Regarding the effectiveness of glycerolysis, the main issue is represented by the low miscibility of glycerol and waste oil. The problem has been faced for decades; optimized protocols, which usually employ high temperature conditions, have been proposed. Recently, advances toward milder WCO glycerolysis have been reported by Supradan and coworkers [47], who proposed the use of hexane as co-solvent for undertaking mass transfer problems generated by the low solubility of glycerol. Alternatively, Mazubert et al. [48] proposed to perform the glycerolysis of FFA in a reactor system.
Catalytic production of bio-diesel has also faced updates in previous years. Abdillah et al. [49] described the combination of activated carbon obtained from palm oil biomass and potassium phosphate tri-basics (K3PO4) as a heterogeneous catalyst for fatty acid methyl esters (FAME) production from WCOs.
Moving to the homogeneous phase, Borovinskaya and coworkers [50] reported the catalyzed trans-esterification of WCOs to obtain FAEEs, performed in a micro-/milli-reactor.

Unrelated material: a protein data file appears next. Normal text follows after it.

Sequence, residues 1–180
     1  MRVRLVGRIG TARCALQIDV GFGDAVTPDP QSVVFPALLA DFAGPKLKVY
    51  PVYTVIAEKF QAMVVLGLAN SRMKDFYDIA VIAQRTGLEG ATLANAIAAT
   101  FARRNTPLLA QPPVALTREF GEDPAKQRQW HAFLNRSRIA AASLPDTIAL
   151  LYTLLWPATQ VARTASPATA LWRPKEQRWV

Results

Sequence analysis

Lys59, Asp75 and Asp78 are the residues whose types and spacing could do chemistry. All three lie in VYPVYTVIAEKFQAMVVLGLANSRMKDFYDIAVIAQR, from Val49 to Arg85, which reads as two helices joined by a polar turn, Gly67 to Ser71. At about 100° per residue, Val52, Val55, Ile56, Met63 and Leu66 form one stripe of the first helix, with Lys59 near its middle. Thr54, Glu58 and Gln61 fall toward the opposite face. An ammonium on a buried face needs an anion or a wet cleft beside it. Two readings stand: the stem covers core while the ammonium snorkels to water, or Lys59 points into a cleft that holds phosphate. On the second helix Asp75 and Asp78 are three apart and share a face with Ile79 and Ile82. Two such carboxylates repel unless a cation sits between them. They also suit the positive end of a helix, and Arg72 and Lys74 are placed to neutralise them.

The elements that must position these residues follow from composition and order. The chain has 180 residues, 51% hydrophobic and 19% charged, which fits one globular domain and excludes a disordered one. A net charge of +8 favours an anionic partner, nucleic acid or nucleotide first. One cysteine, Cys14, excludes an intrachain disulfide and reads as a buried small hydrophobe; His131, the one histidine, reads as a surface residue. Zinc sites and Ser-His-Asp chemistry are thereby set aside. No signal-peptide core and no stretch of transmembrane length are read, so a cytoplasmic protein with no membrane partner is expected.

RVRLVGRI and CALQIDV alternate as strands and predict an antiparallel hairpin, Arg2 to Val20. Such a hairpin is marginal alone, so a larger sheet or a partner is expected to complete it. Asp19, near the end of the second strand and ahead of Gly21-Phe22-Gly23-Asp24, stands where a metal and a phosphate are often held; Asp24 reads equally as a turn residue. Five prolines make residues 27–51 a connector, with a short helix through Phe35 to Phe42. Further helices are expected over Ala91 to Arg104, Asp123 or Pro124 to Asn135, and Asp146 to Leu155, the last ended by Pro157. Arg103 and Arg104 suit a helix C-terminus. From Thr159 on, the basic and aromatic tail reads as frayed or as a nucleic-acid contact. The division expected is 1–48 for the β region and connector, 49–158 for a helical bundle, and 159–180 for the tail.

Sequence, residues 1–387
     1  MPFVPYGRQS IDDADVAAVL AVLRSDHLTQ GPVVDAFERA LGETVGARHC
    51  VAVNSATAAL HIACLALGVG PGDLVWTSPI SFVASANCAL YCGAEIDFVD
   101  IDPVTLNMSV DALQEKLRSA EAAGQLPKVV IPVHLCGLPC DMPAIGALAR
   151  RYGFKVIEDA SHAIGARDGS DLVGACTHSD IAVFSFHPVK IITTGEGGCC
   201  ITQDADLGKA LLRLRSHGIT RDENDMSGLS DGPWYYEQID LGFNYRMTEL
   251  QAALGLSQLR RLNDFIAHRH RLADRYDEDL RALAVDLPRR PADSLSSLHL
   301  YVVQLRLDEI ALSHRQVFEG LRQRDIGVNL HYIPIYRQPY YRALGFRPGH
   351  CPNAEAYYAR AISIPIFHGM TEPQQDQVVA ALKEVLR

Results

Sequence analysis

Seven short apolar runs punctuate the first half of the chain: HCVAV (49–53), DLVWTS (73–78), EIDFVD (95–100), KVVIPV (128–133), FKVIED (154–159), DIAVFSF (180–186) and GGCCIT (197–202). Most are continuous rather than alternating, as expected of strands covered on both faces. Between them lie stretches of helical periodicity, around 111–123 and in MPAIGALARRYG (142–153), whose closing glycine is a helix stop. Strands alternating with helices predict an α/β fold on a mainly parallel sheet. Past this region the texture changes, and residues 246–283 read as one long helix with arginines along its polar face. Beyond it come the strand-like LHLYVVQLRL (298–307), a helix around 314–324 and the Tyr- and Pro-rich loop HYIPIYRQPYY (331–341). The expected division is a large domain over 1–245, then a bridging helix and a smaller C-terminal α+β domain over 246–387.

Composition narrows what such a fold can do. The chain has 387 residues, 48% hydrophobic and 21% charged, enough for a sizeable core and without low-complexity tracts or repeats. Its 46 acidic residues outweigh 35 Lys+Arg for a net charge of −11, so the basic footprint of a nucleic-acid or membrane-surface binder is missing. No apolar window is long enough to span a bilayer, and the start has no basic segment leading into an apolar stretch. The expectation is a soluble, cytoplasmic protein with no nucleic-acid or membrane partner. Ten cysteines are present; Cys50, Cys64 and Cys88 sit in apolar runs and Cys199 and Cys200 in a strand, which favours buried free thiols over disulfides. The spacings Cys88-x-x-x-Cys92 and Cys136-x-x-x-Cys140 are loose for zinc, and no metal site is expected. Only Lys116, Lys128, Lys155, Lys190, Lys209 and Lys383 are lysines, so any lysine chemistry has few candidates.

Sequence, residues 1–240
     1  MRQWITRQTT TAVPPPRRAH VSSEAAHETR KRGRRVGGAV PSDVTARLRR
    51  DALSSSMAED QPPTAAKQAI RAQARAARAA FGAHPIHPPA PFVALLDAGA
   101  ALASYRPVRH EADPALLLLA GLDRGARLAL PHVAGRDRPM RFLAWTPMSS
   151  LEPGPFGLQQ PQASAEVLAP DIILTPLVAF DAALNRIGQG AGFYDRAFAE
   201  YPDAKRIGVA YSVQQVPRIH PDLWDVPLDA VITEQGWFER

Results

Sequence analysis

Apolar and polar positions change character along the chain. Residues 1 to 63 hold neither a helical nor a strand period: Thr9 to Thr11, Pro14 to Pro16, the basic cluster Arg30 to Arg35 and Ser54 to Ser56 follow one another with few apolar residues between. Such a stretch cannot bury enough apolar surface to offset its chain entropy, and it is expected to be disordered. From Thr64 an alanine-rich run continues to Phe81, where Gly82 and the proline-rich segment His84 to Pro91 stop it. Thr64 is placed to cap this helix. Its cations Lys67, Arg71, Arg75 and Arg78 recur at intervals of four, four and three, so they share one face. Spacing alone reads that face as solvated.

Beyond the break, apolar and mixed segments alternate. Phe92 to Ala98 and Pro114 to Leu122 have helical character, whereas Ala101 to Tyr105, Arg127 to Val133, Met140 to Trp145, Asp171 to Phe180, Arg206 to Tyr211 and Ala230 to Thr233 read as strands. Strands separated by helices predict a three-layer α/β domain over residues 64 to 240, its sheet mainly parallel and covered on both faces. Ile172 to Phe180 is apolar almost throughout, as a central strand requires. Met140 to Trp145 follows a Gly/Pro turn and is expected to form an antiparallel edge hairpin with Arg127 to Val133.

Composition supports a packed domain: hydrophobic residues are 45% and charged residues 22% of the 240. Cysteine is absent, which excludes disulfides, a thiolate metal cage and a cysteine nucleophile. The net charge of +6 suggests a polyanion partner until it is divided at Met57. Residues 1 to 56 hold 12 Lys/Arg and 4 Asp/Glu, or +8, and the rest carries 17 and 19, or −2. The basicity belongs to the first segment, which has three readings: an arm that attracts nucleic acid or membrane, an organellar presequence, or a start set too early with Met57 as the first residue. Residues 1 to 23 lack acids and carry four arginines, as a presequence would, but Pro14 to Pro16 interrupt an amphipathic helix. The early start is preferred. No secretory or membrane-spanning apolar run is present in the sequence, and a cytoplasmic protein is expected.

The synthesis of WCO-derived esters can also be exploited in the bio-lubricant industry. What is interesting is the case of the trimethylolpropane fatty acid trimethyl ester, which can be used as a lubricant base stock with superior lubricant power, stability, and biodegradability, with respect to other pentaerythritol fatty esters (TFATEs) [51]. These lubricants can be obtained by transesterification between FAME and trimethylolpropane (TMP) [52] or by esterification of FFAs with TMP. A recent contribution to this specific topic has been offered by Sun and coworkers [53], who proposed the production of TFATEs through transesterification of WCO-derived FAME, with TMP mediated by a catalyst based on a mixture between hydrotalcite and potassium carbonate (K2CO3). Recycling of the catalyst, combined with waste-based raw material, makes this process economic and low-impacting. An analogue process, which involves a different catalyst (Mg-Al/hydrotalcite) was recently described by Costarosa et al. [54], and then optimized by the multivariate statistic and response surface analysis (RSA). As a result of such studies, for biodiesel applications, basic catalyzed esterification seems to be the preferred methodology, mainly due to the development of specific process conditions that avoid the formation of emulsions. Similar optimization tools were employed by Mannu et al. [55], who reported optimized conditions for the production of bio-lubricants from water treatment of WCOs as result of RSA. The availability of effective tools to optimize the bio-lubricant production by water treatment of WCOs make this last process competitive, with respect to the filtration procedures, which have been historically employed as a main purification step in vegetable oil refining.